Is your house secure


According to the California Business and Profession Code 7195-7199 which covers home inspections, home inspectors are required to report on safety concerns around the property. Some safety concerns would be: Are doors and windows lockable and secured? Home inspectors do not consider a stick in the track or temporary thumb screw clamps a means for locking doors or windows. Are there bushes growing in front of windows blocking the view to the house from the street? Is it an easy climb to a second story window that may not be locked? Home owners sometimes get lazy and do not always lock a second story window. Is the area around the home well lit? Having motion sensor lighting around the exterior of the property is always a good idea for added safety. Does the house have a working and monitored alarm system? Do you set it? Several of these things, inspectors may not look at but you should be aware of these items around your house whether you already own a home or are looking to purchase one.
As a home inspector I do not inspect home alarm systems. Several alarm companies in the area are willing to come out to your home and inspect the alarm system at little or no charge. I called Mijac Alarm, who has been in business for over 40 years and located in Rancho Cucamonga, to ask what I should look for if I were to do an alarm inspection. Here are items I was told to look for:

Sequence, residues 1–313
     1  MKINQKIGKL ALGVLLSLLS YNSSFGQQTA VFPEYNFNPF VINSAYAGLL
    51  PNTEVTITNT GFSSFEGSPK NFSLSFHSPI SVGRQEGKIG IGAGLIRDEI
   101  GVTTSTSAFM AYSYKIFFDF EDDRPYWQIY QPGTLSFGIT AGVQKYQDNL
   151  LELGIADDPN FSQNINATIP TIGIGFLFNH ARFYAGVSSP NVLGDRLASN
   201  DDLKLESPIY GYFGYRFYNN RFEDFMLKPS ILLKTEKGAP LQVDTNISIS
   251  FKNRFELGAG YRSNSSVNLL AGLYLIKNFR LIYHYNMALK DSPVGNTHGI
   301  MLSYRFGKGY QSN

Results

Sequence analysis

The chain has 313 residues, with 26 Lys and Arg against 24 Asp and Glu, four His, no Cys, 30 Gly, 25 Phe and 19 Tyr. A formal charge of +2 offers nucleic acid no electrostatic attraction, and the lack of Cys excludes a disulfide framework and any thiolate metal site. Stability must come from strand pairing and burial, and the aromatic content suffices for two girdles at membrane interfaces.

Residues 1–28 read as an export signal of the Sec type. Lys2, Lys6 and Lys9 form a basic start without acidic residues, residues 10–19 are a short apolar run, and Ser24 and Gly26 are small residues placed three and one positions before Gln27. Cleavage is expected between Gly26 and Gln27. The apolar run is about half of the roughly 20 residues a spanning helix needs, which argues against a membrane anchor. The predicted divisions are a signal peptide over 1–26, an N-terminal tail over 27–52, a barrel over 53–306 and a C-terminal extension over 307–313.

First, look at the key pad and see if there is a green or ready light on. Next, find the control panel. I have seen these panels in garages, attics and closets. In the control panel, check the date on the battery. Alarm batteries last between 3-5 years. A lot of alarm companies leave paperwork in the control panel. The paperwork should tell you the last time it was serviced and what zones each wire goes to.
For the alarm to be monitored there needs to be a telephone line. If the house is vacant, there will not be a phone hook up. If you are planning on using "voice over IP" as your telephone, the alarm company may need to install a wireless phone connection when you sign up for the monitoring service.
Next, what areas of the house are being monitored? Exterior door? Only first floor windows or all windows? Are there motion detectors on the interior of the house? And, how were all these sensors installed? Were they hard wired? Meaning wires running through the wall to each door, window and sensor. Or did they use a wireless system where you need to replace batteries once a year? Hard wired systems is the preferred method as they tend to be more reliable. However, wireless systems seem to be the most popular in the last 10 years or so.
After talking to Mijac Alarm Company I found it would be easier to call them out and have the system inspected. I would like to thank Steve at Mijac Alarm for the information he provided. They can be reached at 909-982-7612.